'Little Miss Nobody' finally identified 62 years after burned remains found in desert

A murdered girl known for decades as "Little Miss Nobody" has finally been identified. Her burned remains were found nearly 62 years ago in the Arizona desert and her killers have never been caught. A

'Little Miss Nobody' finally identified 62 years after burned remains found in desert

A murdered girl known for decades as "Little Miss Nobody" has finally been identified.

Her burned remains were found nearly 62 years ago in the Arizona desert and her killers have never been caught.

Authorities have now revealed she was four-year-old Sharon Lee Gallegos of New Mexico.

She was abducted from her grandmother's yard on 21 July 1960, just over a week before the body was found partially buried in Congress, Arizona.

A gravestone, paid for at the time by local people - who held a funeral, reads: "Little Miss Nobody. Blessed are the Pure in Heart... St. Matthew 5:8."

DNA testing earlier this year unlocked the case.

A family photo of Sharon Lee Gallegos is displayed by Yavapai County Sheriff. Pic: AP
Image: Sharon Lee Gallegos - her gravestone is now set to be changed from 'Little Miss Nobody' to her real name. Pic: AP

The girl's parents have died, but her nephew Ray Chavez thanked authorities for not giving up.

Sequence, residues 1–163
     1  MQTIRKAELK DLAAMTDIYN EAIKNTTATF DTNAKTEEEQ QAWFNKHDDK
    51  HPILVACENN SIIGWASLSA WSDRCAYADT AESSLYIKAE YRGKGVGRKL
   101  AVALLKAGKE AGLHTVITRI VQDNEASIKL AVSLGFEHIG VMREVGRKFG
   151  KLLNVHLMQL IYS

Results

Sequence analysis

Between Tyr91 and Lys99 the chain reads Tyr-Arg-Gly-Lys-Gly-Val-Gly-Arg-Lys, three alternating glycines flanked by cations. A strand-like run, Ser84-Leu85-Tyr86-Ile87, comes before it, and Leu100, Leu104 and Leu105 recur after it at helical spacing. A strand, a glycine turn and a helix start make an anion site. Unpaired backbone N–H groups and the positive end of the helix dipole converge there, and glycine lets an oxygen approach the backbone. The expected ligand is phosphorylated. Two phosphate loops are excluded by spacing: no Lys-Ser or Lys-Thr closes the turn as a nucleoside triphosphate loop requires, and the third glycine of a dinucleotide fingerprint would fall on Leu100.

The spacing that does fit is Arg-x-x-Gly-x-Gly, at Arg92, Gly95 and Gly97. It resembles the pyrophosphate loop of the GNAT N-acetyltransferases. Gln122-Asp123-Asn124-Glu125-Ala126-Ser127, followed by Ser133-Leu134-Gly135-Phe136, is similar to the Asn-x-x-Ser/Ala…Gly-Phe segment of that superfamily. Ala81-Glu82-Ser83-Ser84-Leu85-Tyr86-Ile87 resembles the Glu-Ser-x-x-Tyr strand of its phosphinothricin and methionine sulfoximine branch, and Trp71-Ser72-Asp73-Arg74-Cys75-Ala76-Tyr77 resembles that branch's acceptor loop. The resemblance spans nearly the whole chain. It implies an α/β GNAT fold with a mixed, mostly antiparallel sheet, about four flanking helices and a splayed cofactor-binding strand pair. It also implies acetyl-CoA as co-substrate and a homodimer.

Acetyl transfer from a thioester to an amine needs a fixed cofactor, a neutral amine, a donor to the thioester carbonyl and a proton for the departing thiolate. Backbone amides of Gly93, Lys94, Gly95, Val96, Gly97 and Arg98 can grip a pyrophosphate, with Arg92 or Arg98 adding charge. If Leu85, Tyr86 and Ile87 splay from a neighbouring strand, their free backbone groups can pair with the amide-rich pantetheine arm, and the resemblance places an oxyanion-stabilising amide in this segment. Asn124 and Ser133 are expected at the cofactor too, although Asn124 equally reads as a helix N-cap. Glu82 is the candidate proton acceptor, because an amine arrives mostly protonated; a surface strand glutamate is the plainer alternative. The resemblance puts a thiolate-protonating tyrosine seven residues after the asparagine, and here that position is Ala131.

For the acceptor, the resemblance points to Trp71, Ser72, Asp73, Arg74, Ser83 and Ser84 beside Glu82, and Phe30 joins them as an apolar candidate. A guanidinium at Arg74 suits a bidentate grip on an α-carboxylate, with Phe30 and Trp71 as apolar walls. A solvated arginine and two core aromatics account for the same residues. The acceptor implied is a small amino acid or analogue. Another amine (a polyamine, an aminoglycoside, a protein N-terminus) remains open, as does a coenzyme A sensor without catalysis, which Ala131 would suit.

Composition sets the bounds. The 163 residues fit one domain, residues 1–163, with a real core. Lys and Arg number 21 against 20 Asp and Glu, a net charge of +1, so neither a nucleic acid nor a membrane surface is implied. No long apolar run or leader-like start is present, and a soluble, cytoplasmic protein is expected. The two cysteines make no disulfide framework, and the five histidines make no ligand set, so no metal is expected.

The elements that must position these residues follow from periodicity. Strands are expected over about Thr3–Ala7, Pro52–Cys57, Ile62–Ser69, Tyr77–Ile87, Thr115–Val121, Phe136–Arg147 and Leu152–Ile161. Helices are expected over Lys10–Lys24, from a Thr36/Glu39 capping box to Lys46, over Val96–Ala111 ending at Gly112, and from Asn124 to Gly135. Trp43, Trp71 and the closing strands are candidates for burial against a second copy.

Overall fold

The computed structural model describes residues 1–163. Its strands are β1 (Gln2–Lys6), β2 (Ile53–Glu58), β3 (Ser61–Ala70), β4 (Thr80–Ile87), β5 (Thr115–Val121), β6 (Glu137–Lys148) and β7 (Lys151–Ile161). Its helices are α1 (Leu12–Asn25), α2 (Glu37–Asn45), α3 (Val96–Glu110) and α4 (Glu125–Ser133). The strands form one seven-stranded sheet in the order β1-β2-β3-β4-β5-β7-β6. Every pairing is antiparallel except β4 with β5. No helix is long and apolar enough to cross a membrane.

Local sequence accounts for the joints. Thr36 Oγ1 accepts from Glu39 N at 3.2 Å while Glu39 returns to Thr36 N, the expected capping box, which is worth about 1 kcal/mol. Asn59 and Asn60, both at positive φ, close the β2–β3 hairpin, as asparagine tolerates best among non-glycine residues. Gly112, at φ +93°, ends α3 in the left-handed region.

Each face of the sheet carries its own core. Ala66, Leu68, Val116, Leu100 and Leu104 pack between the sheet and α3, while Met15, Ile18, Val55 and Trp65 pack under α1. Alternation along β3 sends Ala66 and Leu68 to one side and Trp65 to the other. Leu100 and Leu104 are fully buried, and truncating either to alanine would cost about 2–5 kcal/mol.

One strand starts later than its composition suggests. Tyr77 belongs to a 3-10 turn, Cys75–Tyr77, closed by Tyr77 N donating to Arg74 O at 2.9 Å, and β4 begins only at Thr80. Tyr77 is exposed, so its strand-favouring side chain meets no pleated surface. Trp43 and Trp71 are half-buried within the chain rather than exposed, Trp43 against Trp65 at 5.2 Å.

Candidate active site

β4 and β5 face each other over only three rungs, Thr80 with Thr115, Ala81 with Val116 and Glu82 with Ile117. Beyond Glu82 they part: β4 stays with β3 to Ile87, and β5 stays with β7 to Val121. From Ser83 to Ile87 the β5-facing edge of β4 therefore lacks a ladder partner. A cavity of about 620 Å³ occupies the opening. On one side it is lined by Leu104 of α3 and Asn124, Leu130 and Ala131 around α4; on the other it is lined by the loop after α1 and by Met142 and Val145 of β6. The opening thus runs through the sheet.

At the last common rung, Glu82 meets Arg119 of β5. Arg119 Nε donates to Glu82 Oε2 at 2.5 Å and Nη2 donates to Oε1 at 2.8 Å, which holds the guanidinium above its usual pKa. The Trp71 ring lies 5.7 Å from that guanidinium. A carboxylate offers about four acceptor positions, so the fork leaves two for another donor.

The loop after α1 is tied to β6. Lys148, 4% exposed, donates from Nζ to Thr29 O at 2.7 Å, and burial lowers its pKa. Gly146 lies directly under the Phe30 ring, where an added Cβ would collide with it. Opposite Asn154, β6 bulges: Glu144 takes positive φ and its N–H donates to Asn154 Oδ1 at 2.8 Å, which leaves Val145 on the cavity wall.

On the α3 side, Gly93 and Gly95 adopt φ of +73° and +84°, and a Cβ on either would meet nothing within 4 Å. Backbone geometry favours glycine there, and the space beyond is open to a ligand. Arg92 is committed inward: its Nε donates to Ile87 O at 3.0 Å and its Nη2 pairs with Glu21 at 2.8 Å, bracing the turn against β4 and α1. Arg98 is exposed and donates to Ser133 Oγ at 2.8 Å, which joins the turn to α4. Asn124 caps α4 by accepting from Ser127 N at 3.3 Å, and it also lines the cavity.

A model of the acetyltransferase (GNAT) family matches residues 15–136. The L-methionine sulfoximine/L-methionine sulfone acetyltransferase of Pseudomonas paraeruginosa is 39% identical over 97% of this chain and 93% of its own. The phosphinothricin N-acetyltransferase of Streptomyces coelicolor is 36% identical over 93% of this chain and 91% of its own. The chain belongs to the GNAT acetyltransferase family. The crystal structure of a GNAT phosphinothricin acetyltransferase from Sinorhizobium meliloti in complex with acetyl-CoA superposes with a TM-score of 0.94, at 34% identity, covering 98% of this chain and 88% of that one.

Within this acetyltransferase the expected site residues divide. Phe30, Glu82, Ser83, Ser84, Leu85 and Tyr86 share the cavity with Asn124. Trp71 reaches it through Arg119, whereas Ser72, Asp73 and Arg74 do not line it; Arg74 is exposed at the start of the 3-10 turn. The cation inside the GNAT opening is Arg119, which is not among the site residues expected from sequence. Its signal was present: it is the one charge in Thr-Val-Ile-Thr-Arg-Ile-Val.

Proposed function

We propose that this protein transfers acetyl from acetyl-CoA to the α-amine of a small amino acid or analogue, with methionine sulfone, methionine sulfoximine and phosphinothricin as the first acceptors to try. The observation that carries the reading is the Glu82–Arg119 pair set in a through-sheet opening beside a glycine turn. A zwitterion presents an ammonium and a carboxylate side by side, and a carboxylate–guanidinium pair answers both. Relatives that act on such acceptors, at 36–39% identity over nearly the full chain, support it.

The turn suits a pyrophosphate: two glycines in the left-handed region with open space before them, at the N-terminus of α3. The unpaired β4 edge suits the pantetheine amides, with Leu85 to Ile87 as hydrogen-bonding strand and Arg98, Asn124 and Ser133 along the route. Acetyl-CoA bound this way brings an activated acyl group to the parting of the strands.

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"We were amazed how the people rallied around her," Mr Chavez said. "Thank you for keeping my aunt safe and never forgetting her."

He said his family had always described her as a happy-go-lucky girl.

Sharon Lee Gallegos was ruled out as the victim during the initial investigation due to uncertainty over the child's age, the clothing she was wearing and a footprint at the scene.

The suspects in her abduction were believed to have been in a dark green 1951 or 1952 Plymouth, but they were never found.

Over the years, the National Center for Exploited and Missing Children, the National Missing and Unidentified Persons System and others all tried to identify her.

The case went cold until 2015 - when her remains were exhumed - and it is still open in the hope the killers can one day be identified.

Yavapai County Sheriff David Rhodes said he was glad they "did not let go until the unfortunate moniker of Little Miss Nobody could be removed from the headstone".